In 1581 Campion was arrested, but Parsons made his escape to Rouen, whence he returned to Rome, where he continued to direct the English mission.
In 1582 after the execution of Father Campion he withdrew to Dethick, and attaining his majority occupied himself for a short time with the management of his estates.
EDMUND CAMPION (1540-1581), English Jesuit, was born in London, received his early education at Christ's Hospital, and, as the best of the London scholars, was chosen in their name to make the complimentary speech when Queen Mary visited the city on the 3rd of August 1553.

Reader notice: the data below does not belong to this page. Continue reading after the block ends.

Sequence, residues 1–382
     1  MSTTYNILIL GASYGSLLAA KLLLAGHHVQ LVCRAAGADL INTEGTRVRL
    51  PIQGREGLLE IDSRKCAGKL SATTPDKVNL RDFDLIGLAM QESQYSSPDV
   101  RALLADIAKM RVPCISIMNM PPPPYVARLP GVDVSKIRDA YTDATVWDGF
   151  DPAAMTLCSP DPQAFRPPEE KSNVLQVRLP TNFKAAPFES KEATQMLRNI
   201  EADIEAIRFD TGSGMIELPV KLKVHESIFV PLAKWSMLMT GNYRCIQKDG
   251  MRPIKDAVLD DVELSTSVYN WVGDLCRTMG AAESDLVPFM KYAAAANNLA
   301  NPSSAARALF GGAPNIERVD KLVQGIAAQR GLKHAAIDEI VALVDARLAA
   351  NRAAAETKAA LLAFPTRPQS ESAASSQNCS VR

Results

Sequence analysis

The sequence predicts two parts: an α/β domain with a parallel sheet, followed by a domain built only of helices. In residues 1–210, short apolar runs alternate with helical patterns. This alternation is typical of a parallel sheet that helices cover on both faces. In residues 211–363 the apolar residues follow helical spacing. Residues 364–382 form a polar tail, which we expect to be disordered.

Jesuit invasion took place in 1580, and Campion went to the block.
On his release he went to London, where he was a member of the association of young men founded in 1580 to assist the Jesuits Edmund Campion and Robert Parsons.
Of all the Jesuit missionaries who suffered for their allegiance to the ancient religion, Campion stands the highest.
An admirable biography is to be found in Richard Simpson's Edmund Campion (1867); and a complete list of his works in De Backer's Bibliotheque de la compagnie de Jesus.